I am a few months into working with the official Terraform provider for OCI and my opinion is that Oracle still has a lot of work ahead of them. I honestly don’t understand how some things are as bad as they are. That might sound a bit scathing but let’s remember that Oracle has no native IaC language for OCI… Rather, they claim Terraform as their first-party, fully supported, IaC language of choice. Hence, the following complaint is particularly egregious… simply put, the documentation is terrible. While the bulk of my experience has been with Microsoft’s Azure provider, I have seen and used 3rd party providers from single developers that significantly better documentation than what Oracle has thrown together. I had no idea how good I had it (with Microsoft) until I started having to reference the OCI documentation. I will go ahead and spend time discussing one obvious positive… it exists (congrats). Okay, moving on. Let’s dive in and do a bit of detailed damning…

The most glaring fault in the OCI provider documentation is the low quality of resource examples…

When referencing any given resource in a provider’s documentation, a developer should be able to straight-up copy and paste examples and run them (plan/apply) successfully with minimal know-how or manipulation beyond provider and backend configuration. I get that this might be a high bar to set for the primary documentation of a multi-billion dollar flagship platform’s sole IaC language.. also – YES – I realize that including all of the supporting resources in an example is like top-notch, and not exactly easy to pull off. (thank you Microsoft for doing this for many of your examples.. and don’t you folks also have to document ARM and BICEP as well… and yet -somehow- you find the time…)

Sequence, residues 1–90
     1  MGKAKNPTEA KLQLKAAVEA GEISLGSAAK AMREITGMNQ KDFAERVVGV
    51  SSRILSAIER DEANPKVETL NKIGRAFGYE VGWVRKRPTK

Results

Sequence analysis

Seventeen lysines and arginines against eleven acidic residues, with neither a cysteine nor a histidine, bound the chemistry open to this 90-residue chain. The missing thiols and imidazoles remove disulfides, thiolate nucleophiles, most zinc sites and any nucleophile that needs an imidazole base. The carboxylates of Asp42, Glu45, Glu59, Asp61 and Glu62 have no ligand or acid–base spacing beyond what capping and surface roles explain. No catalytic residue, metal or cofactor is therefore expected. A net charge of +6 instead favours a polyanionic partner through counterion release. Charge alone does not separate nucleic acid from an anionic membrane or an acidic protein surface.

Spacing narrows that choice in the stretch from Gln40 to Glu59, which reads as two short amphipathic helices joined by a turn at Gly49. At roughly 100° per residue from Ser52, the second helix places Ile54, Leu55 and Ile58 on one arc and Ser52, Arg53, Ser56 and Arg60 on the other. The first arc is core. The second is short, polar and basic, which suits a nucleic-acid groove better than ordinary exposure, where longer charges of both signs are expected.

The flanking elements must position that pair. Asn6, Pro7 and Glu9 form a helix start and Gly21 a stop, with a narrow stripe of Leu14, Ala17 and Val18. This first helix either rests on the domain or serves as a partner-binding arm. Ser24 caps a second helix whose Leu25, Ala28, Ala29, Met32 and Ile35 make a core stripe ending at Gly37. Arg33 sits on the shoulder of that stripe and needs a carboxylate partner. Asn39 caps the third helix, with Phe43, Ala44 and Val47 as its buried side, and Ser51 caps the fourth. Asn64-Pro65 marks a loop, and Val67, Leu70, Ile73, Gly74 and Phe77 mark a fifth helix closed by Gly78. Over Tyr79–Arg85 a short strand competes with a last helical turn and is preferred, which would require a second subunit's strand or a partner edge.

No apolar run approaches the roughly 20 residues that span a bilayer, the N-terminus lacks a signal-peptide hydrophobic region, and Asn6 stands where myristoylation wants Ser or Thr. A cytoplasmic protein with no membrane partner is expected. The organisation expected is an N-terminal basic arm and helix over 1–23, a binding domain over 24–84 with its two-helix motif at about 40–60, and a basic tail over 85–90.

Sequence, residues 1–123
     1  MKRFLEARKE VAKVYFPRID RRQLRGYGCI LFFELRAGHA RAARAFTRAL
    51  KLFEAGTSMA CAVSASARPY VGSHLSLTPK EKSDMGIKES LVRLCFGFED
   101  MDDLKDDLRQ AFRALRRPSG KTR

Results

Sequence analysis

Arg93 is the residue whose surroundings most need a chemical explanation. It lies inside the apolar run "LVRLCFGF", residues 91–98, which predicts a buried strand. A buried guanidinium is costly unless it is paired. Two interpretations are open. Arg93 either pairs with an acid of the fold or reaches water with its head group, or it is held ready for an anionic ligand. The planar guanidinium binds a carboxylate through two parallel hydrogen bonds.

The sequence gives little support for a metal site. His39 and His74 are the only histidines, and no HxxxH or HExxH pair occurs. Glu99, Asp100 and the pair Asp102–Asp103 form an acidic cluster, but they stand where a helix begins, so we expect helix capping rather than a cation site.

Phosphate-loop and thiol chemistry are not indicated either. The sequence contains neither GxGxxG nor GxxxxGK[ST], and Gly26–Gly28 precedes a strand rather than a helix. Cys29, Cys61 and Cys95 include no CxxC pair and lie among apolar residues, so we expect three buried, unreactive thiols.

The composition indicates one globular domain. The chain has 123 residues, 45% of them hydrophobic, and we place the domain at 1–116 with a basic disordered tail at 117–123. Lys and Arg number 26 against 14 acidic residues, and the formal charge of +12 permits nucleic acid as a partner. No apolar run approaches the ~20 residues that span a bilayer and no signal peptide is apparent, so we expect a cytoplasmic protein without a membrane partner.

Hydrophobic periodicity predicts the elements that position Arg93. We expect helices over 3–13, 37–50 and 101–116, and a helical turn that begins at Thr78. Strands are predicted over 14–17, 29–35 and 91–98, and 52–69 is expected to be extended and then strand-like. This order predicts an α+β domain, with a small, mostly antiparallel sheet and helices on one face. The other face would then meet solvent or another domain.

However, barring the above standard, resource examples should at a bare minimum be opinionated… i.e. example configuration arguments should be static values. In either a display of ignorance, laziness or, more likely, a high degree of pressure to get something out the door combined with a lack of corporate willingness to provide appropriate resourcing, Oracle has instead just put in variables for all configuration value examples, with zero context or explanation.

To make it painfully clear what I am talking about, here is a decent example from the AWS provider documentation:


resource "aws_instance" "web" {
  ami           = data.aws_ami.ubuntu.id
  instance_type = "t3.micro"

  tags = {
    Name = "HelloWorld"

Notice how all configuration values inside of the brackets have statically defined values – this is a blessing for someone who is reading and using the documentation because they have a very clear example of what is expected to go there.

Compare that with a (truncated) example from the OCI documentation:


resource "oci_core_instance" "test_instance" {
    availability_domain = var.instance_availability_domain
    compartment_id = var.compartment_id
    shape = var.instance_shape